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At 49%, the global female labour force participation (FLFP) rate is 27 percentage points below that of men. While the gap has narrowed since 1990, the rate of progress has been slowing and is expected to halt, or even reverse, by 2021. Further, there are considerable differences across countries at different stages of development (International Labour Organisation (ILO), 2018).
Innate abilities are presumably uniformly distributed across genders and firms should ideally be able to tap into the best talent. However, if half of the potential talent pool faces artificial barriers in joining the labour force, the choice set shrinks, which is sub-optimal for economic growth at large.
New International Monetary Fund research (2018) shows that if the strong complementarities between women and men in production are accounted for, the economic benefits of adding women workers are possibly larger than previously suggested. For countries ranking in the bottom-half for gender equality, closing the gender gap could increase gross domestic product by 35% on average – one-fifth of this gain is due to the gender diversity effect on productivity.
Women’s work participation is also intrinsically desirable: When women take up paid work outside the home, they are likely to have greater bargaining power within the household, which has positive effects on their well-being and that of their families (World Bank 2001).
This Growth Brief presents International Growth Centre (IGC) and related research on the key factors that constrain FLFP in developing countries and strategies to address these constraints. The discussion is structured by ‘spaces’, with a focus on social and cultural norms in the home space; issues of safety and mobility in the public space; and gender inequities and lack of enabling conditions in the workplace. Many of these barriers are cross-cutting – particularly norms – and interlink across spaces.
- Cultural and social norms, and their manifestations, prevent women from realising their full economic potential. In many societies, a preference for sons puts girls at a disadvantage in terms of human capital investment by families, and ownership and control of assets. Early marriage and childbearing also limits girls’ education and workforce participation. Moreover, married women face ‘time poverty’, as domestic chores and childcare are primarily considered ‘women’s work’.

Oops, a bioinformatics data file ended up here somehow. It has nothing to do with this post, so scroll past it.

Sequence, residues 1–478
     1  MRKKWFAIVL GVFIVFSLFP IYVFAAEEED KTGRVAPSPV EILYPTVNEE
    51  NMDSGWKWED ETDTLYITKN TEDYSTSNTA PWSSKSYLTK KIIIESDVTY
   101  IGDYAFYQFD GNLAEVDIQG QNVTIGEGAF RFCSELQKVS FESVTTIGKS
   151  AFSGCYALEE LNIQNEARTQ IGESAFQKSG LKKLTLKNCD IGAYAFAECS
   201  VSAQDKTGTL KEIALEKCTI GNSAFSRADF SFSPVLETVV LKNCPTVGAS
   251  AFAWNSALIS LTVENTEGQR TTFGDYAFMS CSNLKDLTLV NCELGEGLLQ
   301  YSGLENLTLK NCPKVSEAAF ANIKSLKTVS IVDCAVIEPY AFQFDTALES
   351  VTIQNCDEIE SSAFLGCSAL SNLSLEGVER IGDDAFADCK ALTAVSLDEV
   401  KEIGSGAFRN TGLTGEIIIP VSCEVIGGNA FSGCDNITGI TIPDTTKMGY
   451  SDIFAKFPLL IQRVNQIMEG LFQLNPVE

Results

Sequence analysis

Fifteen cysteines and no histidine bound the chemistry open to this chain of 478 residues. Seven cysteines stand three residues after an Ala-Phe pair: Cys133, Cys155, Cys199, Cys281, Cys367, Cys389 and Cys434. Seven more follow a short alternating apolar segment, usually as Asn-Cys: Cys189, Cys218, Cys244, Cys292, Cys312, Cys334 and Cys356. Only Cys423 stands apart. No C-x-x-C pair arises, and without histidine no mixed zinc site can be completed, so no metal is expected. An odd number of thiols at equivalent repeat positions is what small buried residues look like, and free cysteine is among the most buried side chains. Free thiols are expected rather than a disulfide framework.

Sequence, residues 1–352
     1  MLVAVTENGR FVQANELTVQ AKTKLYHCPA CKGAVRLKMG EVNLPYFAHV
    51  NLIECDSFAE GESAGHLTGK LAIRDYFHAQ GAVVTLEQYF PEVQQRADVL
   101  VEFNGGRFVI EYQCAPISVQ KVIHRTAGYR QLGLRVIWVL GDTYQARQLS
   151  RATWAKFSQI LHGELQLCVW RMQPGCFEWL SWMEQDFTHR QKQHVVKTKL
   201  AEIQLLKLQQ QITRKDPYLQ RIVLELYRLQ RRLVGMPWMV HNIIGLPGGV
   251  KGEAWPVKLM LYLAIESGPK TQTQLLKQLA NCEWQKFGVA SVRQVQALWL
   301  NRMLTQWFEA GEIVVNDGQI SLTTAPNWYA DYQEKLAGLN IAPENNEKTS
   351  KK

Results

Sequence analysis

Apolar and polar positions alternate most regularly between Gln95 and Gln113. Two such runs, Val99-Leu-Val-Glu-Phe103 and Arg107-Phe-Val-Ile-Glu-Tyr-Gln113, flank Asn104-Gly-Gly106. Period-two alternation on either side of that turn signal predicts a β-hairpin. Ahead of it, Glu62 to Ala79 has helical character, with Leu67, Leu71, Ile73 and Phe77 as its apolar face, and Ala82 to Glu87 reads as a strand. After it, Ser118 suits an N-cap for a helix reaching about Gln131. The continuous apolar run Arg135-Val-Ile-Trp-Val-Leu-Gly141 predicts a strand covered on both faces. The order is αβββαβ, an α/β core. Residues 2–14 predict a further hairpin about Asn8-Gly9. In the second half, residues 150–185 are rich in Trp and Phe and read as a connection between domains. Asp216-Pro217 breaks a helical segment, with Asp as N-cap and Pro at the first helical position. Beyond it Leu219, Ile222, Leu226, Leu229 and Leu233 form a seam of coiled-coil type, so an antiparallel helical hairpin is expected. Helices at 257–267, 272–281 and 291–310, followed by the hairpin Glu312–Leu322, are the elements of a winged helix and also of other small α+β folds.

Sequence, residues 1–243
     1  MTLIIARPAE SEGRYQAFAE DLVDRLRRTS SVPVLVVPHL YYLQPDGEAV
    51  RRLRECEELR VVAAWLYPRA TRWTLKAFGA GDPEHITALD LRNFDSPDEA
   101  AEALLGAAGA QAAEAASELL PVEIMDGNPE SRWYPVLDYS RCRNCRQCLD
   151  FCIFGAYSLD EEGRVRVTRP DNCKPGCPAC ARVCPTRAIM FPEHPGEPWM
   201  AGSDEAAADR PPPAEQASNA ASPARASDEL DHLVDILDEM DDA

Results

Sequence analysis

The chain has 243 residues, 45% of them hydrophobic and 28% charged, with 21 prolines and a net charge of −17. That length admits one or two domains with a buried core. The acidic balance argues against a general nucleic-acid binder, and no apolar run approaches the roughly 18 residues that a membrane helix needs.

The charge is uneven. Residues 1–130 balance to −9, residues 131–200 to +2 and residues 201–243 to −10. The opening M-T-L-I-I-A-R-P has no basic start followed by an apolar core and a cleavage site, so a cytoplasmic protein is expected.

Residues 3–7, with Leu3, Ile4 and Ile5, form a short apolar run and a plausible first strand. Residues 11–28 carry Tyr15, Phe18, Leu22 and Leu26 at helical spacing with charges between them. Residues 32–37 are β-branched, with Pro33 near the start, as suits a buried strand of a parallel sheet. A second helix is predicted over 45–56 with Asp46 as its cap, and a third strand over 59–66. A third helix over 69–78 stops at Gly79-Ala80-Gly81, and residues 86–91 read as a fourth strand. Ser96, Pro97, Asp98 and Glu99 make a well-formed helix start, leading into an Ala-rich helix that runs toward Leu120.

- Safety concerns restrict women’s physical and economic mobility. In some contexts, women are unable to move around freely due to safety concerns and the perception that public spaces are ‘male spaces’. Besides weak rule of law, these challenges are linked to norms around gender segregation. This constrains women’s workforce entry and progression, access to education and skilling, and to professional networking opportunities.
- Gender inequities and lack of enabling conditions in the workplace keep women away. Women in the labour force are not given equal opportunities and remuneration vis-à-vis men. The workplace also lacks enabling conditions to support women in managing dual responsibilities at work and home effectively. Further, the insufficient creation of desired jobs interacts with norms around women’s role in home production to adversely impact female employment.
Key message 1 – Cultural and social norms, and their manifestations, prevent women from realising their full economic potential
Historically, in many developing countries, families have a pro-son bias. Consequently, they are less invested in their daughters’ human capital, particularly in terms of career-oriented skill development. Hence, women become disadvantaged as potential entrants to the productive workforce.
In an IGC experiment in Ghana, Duflo et al. (2012) find that girls are less likely to pursue secondary education even when the financial barrier is removed. Students who passed secondary school entrance exams but could not enrol for financial reasons were randomly awarded scholarships: Only 64% of female awardees enrolled vis-à-vis 81% of boys.
Early marriage and childbearing are common among girls in developing countries, and this limits their human capital accumulation and labour force participation. IGC research in Uganda (Bandiera et al., 2018) finds that providing adolescent girls vocational training and information on sex, reproduction, and marriage makes them 4.9 percentage points more likely (48% increase over baseline levels) to engage in income-generating activities.
Studying the long-term effects of a one-time targeted transfer – cash for school girls to buy bicycles – by the government in Bihar, India, Mitra and Moene’s (2017) IGC research finds that the programme empowered girls and raised their aspirations. The beneficiaries were more likely to complete their education, look for more productive work outside agriculture, and delay marriage and childbearing. These positive outcomes also reflect some improvements in the attitude of others towards girls. Yet, many of the ‘cycle girls’ reported that their families did not permit them to work, an indication that some social norms stuck or would need more time to change.
Work in Saudi Arabia by Bursztyn et al. (2018) suggests that female labour supply may also be constrained by misperceived social norms: While a vast majority of young married men in Saudi Arabia privately support FLFP outside of home from a normative perspective, they substantially underestimate the level of support for FLFP by other similar men. Correcting these beliefs about others increases married men’s willingness to let their wives work (as measured by their costly sign-up for a job-matching service for their wives) as well as the wives’ likelihood to have applied and interviewed for a job four months after the intervention.
In developing countries, women are less likely to own assets such as land – they either do not have the legal right to inherit parental/ancestral property, or families choose to not bequest property to daughters. Women also do not have much control over household resources. Since loans typically require collateral, this constrains female entrepreneurship. In an IGC project undertaken in collaboration with the Self-Employed Women’s Association (SEWA) in India, Field et al. (2016) find providing microfinance to women helps integrate them into the workforce in the long-run by supporting greater participation in household business activities.